SADC deploys another mission to Lesotho
SADC has send a ministerial team to Lesotho to get first hand information on the apparent assassination of army commander Khoantle Motsomotso as well as the killing of two senior army officers by Motsomotso’s bodyguard. On Tuesday night, Lesotho’s recently elected Prime Minister, Thomas Thabane, assured Basotho as well as neighbouring countries that he was still in charge and that SADC would be looking into what happened and the reason behind it. “Investigations are in progress to find out exactly what happened, but I can assure you the nation and everybody else that the situation up to now is under control.
I am taking this opportunity to pass my condolences to affected families. SADC is fully engaged in this matter and we will have already reported to them, and i am sure they will respond,” said Thabane. Lesotho has been beset by power struggles and concerns about military interference in politics.
A CHRONOLOGY OF KEY EVENTS: ◆ 1824 -Lesotho is founded by the Basotho chief Moshoeshoe, as Basutoland, on a natural rock fortress called Mountain of the Night.
◆ 1834 – Territorial encroachment by Boer trekkers starts decades of conflict. ◆ 1835-1868 – Lesotho acts as a buffer between the Afrikaners’ and British colonial interests and supplies seasonal farm workers to both. It later becomes a British protectorate. ◆ 1871 – Annexed to the Cape Colony. ◆ 1884 – Becomes a British colony after revolt against Cape Colonial rule. Paramount chiefs retain large degree of autonomy.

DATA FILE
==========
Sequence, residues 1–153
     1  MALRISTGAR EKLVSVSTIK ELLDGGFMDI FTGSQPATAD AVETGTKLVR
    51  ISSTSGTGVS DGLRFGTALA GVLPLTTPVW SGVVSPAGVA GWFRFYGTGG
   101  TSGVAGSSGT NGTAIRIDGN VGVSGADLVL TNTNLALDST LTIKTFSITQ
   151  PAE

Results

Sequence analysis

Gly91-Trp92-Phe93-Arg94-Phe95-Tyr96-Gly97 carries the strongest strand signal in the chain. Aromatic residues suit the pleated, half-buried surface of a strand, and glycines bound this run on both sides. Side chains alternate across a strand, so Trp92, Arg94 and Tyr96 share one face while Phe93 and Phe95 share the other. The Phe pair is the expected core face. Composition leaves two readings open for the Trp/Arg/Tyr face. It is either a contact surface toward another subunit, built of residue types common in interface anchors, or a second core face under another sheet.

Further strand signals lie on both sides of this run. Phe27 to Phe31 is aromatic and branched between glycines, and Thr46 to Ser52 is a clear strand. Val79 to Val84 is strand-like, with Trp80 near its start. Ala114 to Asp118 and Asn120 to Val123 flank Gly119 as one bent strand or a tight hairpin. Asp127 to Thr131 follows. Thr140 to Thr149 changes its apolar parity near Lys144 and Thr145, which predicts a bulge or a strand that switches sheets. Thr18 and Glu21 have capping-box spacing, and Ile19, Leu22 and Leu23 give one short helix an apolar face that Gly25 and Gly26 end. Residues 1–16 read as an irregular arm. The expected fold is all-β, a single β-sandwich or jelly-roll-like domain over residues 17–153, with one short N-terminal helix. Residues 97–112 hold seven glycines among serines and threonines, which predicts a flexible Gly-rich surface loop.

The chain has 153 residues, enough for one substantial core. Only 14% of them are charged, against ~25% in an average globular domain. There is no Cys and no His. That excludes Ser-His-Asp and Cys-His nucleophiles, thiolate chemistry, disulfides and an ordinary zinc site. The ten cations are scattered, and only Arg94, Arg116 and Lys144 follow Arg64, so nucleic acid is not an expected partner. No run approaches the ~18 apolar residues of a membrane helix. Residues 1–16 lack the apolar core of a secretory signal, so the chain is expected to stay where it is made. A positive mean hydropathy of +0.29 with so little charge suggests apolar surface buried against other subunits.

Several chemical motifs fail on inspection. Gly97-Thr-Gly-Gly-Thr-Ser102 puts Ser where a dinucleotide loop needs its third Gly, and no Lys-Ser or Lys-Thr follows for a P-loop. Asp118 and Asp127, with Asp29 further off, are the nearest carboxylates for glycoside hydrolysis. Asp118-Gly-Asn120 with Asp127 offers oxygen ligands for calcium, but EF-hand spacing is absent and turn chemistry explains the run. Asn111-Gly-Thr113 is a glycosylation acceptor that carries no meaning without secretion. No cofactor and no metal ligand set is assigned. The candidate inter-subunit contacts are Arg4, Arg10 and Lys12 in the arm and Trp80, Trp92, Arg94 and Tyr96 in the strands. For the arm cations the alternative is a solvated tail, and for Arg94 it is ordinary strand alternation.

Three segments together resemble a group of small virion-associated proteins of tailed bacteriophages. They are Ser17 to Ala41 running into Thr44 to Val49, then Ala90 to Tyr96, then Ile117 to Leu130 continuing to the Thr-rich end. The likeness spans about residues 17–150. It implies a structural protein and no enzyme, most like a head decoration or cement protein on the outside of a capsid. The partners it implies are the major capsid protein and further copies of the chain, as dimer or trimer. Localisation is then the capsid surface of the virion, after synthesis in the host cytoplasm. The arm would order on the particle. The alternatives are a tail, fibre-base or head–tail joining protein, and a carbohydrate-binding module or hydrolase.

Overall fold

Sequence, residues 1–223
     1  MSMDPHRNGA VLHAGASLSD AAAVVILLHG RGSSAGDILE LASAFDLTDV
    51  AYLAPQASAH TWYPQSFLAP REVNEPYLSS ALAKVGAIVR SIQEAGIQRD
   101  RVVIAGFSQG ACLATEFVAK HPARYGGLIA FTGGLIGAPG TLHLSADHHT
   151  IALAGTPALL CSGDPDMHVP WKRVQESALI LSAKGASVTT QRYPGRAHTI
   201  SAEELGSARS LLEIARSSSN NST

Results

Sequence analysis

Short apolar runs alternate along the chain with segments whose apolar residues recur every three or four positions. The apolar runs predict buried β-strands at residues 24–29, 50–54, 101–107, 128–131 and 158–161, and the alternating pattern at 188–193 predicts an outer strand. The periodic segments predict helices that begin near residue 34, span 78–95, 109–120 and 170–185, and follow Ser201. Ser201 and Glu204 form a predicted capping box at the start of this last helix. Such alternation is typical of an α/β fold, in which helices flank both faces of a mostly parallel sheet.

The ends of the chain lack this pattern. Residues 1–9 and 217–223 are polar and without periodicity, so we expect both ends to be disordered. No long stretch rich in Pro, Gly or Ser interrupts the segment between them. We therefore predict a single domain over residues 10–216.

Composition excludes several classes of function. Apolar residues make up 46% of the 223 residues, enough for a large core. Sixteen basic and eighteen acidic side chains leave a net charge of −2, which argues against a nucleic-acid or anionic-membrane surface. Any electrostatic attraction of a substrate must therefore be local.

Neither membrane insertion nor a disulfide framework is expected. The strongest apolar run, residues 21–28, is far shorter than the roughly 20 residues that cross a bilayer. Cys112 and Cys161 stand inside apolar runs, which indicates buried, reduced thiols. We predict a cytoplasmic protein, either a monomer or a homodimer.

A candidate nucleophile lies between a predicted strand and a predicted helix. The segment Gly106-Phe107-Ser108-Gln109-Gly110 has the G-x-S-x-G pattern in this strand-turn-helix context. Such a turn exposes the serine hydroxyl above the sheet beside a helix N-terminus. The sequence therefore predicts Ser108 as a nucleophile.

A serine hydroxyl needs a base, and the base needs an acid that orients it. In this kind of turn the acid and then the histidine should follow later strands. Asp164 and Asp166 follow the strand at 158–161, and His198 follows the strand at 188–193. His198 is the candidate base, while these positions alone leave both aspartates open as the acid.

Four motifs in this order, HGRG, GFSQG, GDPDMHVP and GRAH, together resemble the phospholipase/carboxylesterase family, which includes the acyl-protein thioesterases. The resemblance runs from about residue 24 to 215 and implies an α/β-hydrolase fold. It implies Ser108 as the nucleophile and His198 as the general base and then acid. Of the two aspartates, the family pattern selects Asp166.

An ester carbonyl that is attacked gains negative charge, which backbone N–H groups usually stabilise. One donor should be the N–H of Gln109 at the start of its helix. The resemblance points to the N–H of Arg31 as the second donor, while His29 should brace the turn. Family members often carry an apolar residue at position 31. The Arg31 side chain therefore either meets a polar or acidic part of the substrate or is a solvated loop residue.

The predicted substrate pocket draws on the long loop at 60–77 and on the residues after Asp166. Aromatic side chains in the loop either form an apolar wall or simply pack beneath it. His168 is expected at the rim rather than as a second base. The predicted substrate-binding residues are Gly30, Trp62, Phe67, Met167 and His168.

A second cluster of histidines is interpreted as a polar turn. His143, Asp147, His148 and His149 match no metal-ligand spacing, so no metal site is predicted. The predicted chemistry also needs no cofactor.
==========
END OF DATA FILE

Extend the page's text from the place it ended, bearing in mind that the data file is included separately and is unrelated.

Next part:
◆ 1939-45 – World War II, with 20,000 Sotho serving in the British forces.
◆ 1950s – Political parties emerge, press for independence. ◆ 1963: Moshoeshoe II is crowned king.
◆ 1966 – October 4, the country gains independence as Kingdom of Lesotho, with Moshoeshoe II as king and Chief Leabua Jonathan (Basotho National Party) as prime minister.
◆ 1970 – Oppostion Basutoland Congress Party leads in polls but Chief Jonathan suspends constitution, sends king into temporary exile.
◆ 1986 – South Africa blocks borders, demanding expulsion of anti-apartheid activists. Major-General Justin Lekhanya replaces Chief Jonathan in coup. A project begins in Lesotho to divert freshwater from the mountains for electricity and for sale to South Africa. The project is sponsored by the World Bank, the European Investment Bank and the African Development Bank at a cost of $3.5 billion. The electricity proves too expensive for most people and the water diversion wreaked environmental havoc downstream. In 2003 the development fund raised from selling the water shuts down. Courts convicted 3 of the world’s largest construction firms on corruption charges.
◆ 1990 – King Moshoeshoe II goes into exile after a series of three military coups ousted him from the throne. His son is sworn in as Letsie III
. ◆ 1991 – General Lekhanya forced out by Colonel Elias Tutsoane Ramaema, who lifts ban on political activity. ◆ 1993 – Basutoland Congress Party comes to power in elections.
◆ 1994 – Fighting among rival army factions.
◆ -Letsie backs a palace coup to reinstate his father as king. He ousts the first government to be elected in a multiparty vote and temporarily assumes the throne. ◆ 1995 – January, Letsie gives up the crown to his returned father.